||For the most part scholars and activists alike have tended to uncritically accept overt foreign interventions that profess to be promoting democracy at face value: as noble and humanitarian activities. However, contrary to this rosy view of the promotion of democracy, numerous authors have argued that what is really being promoted is “procedural” or “low-intensity democracy”, which serves to actually “suppress aspirations for substantive democratisation” by “focus[ing] on aspects of democracy which are congruent with capitalism (i.e. individual and contract rights) to the detriment of its participatory and social aspects.” (1) Thus although it is correct to say that the US is “promoting democracy” of sorts, it would be more accurate to refer to these efforts as “promoting polyarchy.” The central role of the National Endowment for Democracy (NED) in promoting these activities was discussed in Part 1 of this article. (For further details see www.sourcewatch.org).
“The promotion of “low-intensity democracy” is aimed not only at mitigating the social and political tensions produced by elite-based and undemocratic status quos, but also at suppressing popular and mass aspirations for more thoroughgoing democratisation of social life in the twenty-first century international order. Polyarchy is a structural feature of the emergent global society.” (William I. Robinson, 1996, Promoting Polyarchy, p. 6)
Robinson illustrated how US “democracy promoters” acting as “skilful political surgeons” have been able to successfully establish polyarchic systems all over the world (his landmark study Promoting Polyarchy furnishes in-depth analysis of examples in Chile, Nicaragua, the Philippines, and Haiti). More recently “democracy promoters” have been implicated in a series of “color revolutions”, which have swept across Eastern Europe, these being the “Rose revolution” in Georgia (2003), the “Orange revolution” in Ukraine (January 2005) and the “Tulip revolution” in Kyrgyzstan (April 2005). Chaulia points out that these “revolutions” might be more accurately described as “cases of ‘regime change’, not ‘regime type change’” and that even then, the change was so minimal “that it is a travesty to call them ‘revolutions.’” (2) All of these “revolutions” also followed similar trajectories to the Serbian revolution in 2000, which has been referred to as the template for the post modern coup d'état. (3) However, the template for these “democratic” interventions is rooted in history and has been evolving for years. This article will now examine the “Serbian Revolution” to illustrate the substantial role the US has played in promoting polyarchy their. (Part 3 will later critique the role of “democracy promoters” in each of the other regulated revolutions in Eastern European).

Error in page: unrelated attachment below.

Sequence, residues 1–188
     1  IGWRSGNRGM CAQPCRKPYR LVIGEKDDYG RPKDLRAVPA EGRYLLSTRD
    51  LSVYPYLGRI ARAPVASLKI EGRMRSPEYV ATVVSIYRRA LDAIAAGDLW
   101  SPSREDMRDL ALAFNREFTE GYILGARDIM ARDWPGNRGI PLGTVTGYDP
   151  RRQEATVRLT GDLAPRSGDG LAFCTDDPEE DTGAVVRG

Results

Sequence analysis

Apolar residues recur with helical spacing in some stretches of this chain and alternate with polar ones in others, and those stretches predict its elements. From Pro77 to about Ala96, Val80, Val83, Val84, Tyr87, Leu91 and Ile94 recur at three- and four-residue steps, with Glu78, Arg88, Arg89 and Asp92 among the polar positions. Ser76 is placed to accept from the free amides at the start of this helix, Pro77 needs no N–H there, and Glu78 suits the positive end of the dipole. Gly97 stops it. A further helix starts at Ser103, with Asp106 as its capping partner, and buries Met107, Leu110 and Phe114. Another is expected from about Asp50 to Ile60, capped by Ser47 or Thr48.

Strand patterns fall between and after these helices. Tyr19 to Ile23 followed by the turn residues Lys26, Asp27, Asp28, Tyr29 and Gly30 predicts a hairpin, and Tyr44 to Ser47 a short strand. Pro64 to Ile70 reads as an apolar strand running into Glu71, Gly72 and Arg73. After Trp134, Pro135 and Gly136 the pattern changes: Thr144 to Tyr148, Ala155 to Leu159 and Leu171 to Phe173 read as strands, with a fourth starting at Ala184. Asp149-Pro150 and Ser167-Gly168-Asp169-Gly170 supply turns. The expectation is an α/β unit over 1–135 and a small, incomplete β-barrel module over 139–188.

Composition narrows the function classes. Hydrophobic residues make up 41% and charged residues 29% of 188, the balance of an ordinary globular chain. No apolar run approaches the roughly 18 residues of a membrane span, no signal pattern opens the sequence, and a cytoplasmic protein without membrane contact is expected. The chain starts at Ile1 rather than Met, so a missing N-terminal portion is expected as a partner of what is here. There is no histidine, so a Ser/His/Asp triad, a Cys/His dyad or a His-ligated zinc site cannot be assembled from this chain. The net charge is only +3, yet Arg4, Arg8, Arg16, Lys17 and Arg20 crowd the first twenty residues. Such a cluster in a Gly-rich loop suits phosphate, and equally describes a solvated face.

The Serbian revolution
In 2000, the people of Serbia were able to successfully unite against their repressive government, presided over by Slobodan Milosevic and enforce the election of an alternative government led by Vojislav Kostunica. This “people’s revolution”, led by the student activist group Otpor, is often held up by the Western media and activists alike as an example of the power of non-violent protest over dictators. However, the real story is far more complicated and although there seems little reason to doubt that Otpor was an endogenous social movement (originally formed in 1998), their success may not have been entirely of their own doing. This is because they had a little help from their friend – the US government, who was intent on removing Milosevic from power – and this initially came in the form of NED aid.